Grim, Charlie did not need to go through the whole charges, court and conviction deal if he violated his parole. When one violates their parole they are generally sent back to prison to serve the remainder of their sentence because they did not follow the rules of their parole. There is plenty of evidence that Charlie violated his parole.

Yes, Barrett did finally start drawing up the papers to revoke Charlie's parole but obviously it was too little, too late. Charlie had been arrested nine times before the murders and some of those arrests were not for piddly crimes. He was arrested for rape and assault. He was also arrested for drugs which, back then, was a big deal.

Why didn't the authorities keep him in jail after the Spahn Ranch Raid? While the charges were thrown out because of technicality with the warrant, he was a felon on parole. There were many firearms confiscated in the raid and felons are not suppose to be anywhere near firearms. Felons on parole are suppose to obey all laws and if they mess up they run the risk of being sent back to prison. He was like a cat with nine lives.

starviego said...

AstroCreep said...
"Maybe they were grabbing coffee and went to the bathroom prior to responding? Lots of plausible explanations."

45 minutes is still 45 minutes. I can't think of any plausible explanation for this.

Cooltide said...

@Fairlight, LOOK out for WONDERHUSSY, haha!

starviego said...


OFF TOPIC: Charlie just got a promotion!

https://www.prisonplanet.com/italian-exorcist-says-society-risks-collapse-due-to-aggressive-satanism.html
“There are many groups of satanism,” Dermine said, noting that internet exposure has also increased, and references to the demonic are increasingly prevalent in videogames and school games such as the “Charlie Charlie challenge,” in which players cross two pencils on a grid with sectors marking ‘yes’ or ‘no’ and ask a supernatural being, “Charlie,” to answer the questions they ask.

grimtraveller said...

DebS said...

Charlie did not need to go through the whole charges, court and conviction deal if he violated his parole

Granted, but does an arrest = parole/probation violation ? Arrest can be for things ranging from major to minor offences. What if the police got it wrong ?

some of those arrests were not for piddly crimes. He was arrested for rape and assault. He was also arrested for drugs which, back then, was a big deal

I didn't say he was arrested for piddly crimes, but rather, his arrests were seen by police as being that way. Rape wasn't treated back in '69 the way it's treated now. If a Black or Hispanic or even a hippie woman was raped back at that time, the police were hardly falling over themselves to catch the rapist.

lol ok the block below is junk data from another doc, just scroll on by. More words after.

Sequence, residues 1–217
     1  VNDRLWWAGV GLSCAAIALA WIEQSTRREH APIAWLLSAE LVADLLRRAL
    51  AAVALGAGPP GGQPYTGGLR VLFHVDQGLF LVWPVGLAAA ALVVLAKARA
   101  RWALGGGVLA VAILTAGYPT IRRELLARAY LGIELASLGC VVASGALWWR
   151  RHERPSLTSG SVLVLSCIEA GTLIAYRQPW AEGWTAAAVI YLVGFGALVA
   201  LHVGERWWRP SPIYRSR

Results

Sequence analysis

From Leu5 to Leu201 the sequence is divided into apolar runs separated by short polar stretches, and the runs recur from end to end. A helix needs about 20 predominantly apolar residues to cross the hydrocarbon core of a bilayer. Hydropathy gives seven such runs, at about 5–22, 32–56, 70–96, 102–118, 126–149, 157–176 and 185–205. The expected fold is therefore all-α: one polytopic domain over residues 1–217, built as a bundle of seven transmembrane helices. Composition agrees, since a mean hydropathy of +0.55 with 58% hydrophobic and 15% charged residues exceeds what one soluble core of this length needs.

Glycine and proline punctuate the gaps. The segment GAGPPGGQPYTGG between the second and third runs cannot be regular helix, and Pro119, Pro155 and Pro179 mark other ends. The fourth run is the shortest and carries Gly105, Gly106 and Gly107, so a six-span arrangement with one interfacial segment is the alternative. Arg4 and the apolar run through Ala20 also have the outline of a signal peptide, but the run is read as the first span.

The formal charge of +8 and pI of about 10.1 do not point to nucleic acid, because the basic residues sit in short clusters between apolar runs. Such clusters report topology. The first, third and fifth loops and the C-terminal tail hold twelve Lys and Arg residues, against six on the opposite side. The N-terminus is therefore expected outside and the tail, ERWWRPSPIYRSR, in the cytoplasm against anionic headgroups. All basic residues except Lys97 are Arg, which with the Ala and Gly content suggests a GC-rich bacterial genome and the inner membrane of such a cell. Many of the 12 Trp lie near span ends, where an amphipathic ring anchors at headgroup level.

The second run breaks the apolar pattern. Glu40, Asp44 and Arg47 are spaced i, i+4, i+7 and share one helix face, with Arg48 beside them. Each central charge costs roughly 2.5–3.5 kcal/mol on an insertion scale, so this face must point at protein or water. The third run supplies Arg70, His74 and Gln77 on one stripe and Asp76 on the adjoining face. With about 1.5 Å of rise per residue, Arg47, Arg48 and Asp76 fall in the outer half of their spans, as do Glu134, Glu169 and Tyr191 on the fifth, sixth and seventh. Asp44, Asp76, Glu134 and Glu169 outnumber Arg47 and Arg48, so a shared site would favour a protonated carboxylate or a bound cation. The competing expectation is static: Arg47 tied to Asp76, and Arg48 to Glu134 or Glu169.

He was arrested for drugs in the aftermath of the murders....only to have the charge thrown out, so yes, it was a big deal back then but again I have to stress, it was only an arrest. The Family didn't seem to treat arrests with any great trepidation.

if they mess up they run the risk of being sent back to prison

"Run the risk of..."
A criminal's whole existence is predicated on risk. Risk is part of the air that they breathe.

He was like a cat with nine lives

Which eventually ran out. It's interesting that Barrett started taking steps to revoke his parole/probation. In some ways, his approach perfectly mirrors that of the authorities at the time. And real life is like that. Some things take a long while to get moving. We only really question the {pre~murder} authorities in this case in the light of what went onto happen. And from that point of view, it doesn't surprise me that he wasn't slung back in jail during the first part of '69. For one thing, he couldn't even be found !
Starviego has a tendency to take ordinary everyday mundanities and incompetences and present them as evidence of much malice aforethought. Now, they could be, but as Carlos pointed out earlier, there needs to be evidence of this and I'm not talking about 50 years later in a case where it has been established for half a century that many have attached themselves to it for some bizarre 15 minutes of glory.

Dan S said...

Woah lots to read .... Merry xmas, y'all!

starviego said...


To get an idea of what readers are thinking, please respond to this survey if you have a minute. Pick a number:


1 -- There was no delay in the police response; 45 minutes may sound like a lot, but it was not unduly abnormal or unusual in comparison to other response times.

2 - The response was tardy, but there were innocent reasons for this (i.e. the nearest units were busy on another call, 2-for-1 sale at the donut shop, etc.)

3 - The response was delayed to make sure the covert operators(whether they were there to rearrange the bodies, plant the drugs, snatch the baby, film, etc.) were clear of the scene and not risk arrest by the patrolmen.



/

orwhut said...

2

Gorodish said...

#2

Carlos said...

2

Carlos said...

Something else caught my eye.

The post cites timeline references from HS, including this bit:

It was 1:30pm before the first homicide detectives arrived.